Fox Lake men say they were detained illegally during Gliniewicz investigation

  • Fox Lake Lt. Charles Joseph Gliniewicz

    Fox Lake Lt. Charles Joseph Gliniewicz Photo courtesy Fox Lake police department

 
 
Updated 8/18/2017 2:19 PM

Two Fox Lake men have filed a lawsuit claiming they were illegally detained by police in the days after Lt. Charles Joseph Gliniewicz was found dead in 2015.

Filed Thursday in federal court, the lawsuit names the village of Fox Lake, officers with the Lake County Major Crimes Task Force and former task force chief George Filenko as defendants. However, it incorrectly labels Filenko as a commander with the Fox Lake police department, and lists the task force as an unknown police agency.

 

Filenko, who served as chief of the major crimes task force during the Gliniewicz investigation, and Fox Lake Mayor Donny Schmit said they could not comment on pending litigation.

According to the court documents, plaintiffs Miguel Gonzalez and Hector Ramos were in Colorado when Gliniewicz was found dead in a swampy area near the east end of Honing Road on Sept 1, 2015.

They left Colorado after they saw the Fox Lake house they rented on the news, and reporters claiming Gliniewicz's "killers" were inside, the court document reads.

After returning home, Gonzalez and Ramos were detained by police, the house was searched without authorization, and the two were paraded in front of news cameras, the court document reads.

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They claim they suffered emotional distress from the incident and are requesting an unspecified amount of punitive damages.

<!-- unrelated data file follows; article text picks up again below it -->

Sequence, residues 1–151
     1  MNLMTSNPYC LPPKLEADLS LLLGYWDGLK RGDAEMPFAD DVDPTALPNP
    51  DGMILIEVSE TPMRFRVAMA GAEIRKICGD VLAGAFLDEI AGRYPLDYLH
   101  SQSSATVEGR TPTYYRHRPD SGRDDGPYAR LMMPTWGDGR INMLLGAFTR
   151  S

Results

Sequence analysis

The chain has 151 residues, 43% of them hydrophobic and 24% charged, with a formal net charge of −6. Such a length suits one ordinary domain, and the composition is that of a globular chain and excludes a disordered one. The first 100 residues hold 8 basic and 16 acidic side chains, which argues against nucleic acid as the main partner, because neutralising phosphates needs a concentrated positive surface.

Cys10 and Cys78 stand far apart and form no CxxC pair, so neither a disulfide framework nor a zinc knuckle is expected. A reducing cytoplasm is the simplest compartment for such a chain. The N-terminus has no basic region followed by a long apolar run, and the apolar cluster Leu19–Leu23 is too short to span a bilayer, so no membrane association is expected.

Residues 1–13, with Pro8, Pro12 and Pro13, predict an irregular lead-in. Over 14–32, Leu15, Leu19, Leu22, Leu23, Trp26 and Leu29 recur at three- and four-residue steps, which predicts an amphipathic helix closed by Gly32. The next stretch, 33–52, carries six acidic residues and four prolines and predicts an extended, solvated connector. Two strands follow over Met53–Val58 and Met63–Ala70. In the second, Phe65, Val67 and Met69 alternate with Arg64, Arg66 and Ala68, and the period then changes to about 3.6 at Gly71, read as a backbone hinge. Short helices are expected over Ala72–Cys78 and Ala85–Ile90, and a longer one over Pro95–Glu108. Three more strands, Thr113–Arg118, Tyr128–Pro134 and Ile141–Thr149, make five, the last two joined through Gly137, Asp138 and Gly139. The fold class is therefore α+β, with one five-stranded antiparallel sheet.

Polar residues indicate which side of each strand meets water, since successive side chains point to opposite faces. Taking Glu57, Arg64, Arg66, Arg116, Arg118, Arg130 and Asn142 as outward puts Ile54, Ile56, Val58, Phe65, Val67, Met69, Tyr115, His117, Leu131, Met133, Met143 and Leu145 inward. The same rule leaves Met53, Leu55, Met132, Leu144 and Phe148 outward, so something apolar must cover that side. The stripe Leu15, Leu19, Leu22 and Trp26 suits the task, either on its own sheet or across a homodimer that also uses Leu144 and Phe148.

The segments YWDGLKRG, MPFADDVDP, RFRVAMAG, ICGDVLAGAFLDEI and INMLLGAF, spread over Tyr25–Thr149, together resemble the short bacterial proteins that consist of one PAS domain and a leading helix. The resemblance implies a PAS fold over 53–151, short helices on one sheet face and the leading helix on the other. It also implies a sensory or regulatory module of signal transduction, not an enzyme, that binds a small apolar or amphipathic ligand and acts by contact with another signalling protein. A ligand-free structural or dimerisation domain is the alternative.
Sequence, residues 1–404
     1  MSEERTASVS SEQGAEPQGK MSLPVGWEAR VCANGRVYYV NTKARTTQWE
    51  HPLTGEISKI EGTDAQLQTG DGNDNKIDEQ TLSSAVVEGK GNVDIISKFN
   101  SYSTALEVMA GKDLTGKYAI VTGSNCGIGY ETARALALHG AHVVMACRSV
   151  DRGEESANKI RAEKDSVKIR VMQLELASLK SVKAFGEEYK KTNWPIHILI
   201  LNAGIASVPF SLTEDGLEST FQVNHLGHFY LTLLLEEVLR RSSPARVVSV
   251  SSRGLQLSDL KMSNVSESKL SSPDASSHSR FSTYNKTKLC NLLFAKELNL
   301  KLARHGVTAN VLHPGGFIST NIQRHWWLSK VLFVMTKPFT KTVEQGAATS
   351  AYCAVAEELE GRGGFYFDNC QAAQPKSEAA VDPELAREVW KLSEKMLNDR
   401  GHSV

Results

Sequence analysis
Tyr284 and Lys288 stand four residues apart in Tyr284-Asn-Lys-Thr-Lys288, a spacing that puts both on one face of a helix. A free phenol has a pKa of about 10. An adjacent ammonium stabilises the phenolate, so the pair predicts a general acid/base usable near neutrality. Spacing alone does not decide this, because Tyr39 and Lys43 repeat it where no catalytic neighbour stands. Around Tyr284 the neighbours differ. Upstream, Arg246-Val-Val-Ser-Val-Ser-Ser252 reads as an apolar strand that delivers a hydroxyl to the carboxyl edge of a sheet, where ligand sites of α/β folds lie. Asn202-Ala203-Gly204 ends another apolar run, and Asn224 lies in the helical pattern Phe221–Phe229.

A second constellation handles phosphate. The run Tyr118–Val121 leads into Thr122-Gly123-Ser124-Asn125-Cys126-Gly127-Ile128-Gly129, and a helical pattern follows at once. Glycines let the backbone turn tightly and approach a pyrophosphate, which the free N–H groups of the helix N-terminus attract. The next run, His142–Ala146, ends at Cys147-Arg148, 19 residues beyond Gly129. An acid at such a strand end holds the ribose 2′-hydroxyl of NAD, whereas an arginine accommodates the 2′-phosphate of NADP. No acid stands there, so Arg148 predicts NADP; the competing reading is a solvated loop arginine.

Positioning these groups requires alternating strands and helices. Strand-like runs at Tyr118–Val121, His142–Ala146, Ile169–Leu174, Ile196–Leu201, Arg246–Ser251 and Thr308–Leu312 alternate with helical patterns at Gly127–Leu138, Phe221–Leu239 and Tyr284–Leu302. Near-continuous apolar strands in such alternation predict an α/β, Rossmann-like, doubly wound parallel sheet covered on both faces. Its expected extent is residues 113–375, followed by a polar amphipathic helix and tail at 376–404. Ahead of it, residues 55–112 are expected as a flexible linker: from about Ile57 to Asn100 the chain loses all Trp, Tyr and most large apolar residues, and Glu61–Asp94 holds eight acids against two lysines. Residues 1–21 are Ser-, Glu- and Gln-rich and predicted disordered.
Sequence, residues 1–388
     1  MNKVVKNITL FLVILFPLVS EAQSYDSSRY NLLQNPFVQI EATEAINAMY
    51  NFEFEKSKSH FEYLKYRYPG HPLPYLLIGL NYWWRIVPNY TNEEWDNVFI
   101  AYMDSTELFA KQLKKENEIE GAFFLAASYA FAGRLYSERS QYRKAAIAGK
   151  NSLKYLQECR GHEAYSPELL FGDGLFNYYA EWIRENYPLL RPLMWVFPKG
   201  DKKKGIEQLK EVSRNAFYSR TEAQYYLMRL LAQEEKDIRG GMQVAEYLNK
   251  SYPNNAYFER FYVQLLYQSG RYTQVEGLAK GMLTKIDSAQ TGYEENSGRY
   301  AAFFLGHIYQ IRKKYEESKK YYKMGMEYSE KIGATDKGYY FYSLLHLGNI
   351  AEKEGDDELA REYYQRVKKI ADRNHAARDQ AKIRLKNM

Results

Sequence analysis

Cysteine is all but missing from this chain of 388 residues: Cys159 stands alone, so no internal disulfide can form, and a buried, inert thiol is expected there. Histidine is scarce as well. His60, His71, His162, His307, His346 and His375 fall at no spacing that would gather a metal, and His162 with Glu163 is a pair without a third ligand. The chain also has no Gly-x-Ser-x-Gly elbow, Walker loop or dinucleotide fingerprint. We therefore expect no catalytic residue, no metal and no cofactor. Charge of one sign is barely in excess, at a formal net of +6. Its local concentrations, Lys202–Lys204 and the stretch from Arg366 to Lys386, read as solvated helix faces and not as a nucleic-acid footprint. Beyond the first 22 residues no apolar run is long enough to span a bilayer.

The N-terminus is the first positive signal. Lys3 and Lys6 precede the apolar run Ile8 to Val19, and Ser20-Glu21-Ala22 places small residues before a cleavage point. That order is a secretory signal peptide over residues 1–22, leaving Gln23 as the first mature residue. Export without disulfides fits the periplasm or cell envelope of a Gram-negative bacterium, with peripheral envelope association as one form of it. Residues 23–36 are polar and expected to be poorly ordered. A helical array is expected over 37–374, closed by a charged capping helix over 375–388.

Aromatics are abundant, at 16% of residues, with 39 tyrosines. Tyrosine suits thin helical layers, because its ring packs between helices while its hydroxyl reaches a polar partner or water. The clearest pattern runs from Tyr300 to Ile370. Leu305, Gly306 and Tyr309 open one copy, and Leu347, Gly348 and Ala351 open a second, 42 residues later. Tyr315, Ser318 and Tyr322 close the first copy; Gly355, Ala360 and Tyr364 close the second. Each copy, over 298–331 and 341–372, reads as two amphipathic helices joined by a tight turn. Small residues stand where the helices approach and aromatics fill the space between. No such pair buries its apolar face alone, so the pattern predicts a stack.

Numerous lawsuits have been filed against Fox Lake and the task force over the handling of the Gliniewicz investigation.

Most recently, a civil rights, class-action lawsuit was filed in April by three men against the village and task force investigators alleging they were unconstitutionally detained as potential murder suspects in the hours after Gliniewicz's death.

The federal civil rights lawsuit and the most recent suit claim investigators should have suspected early on Gliniewicz killed himself, and he did not die from a fatal line-of-duty shooting it was set up to appear.

The most recent suit claims, "The failure to supervise and discipline -- to allow its officers to act with impunity -- is what led to the clearly unconstitutional detentions of perhaps over 100 individuals after Gliniewicz's death."

Dozens of police swarmed Fox Lake after Gliniewicz was found dead in a wooded area from a gunshot wound to his chest. Shortly before the fatal shooting, Gliniewicz radioed dispatchers to report he was following three suspicious individuals.

A two-month investigation revealed Gliniewicz had shot himself and made it appear he was murdered, in hopes his death would prevent disclosure of his thefts from a police youth program. Until then, police treated his death as a homicide and questioned several potential suspects.

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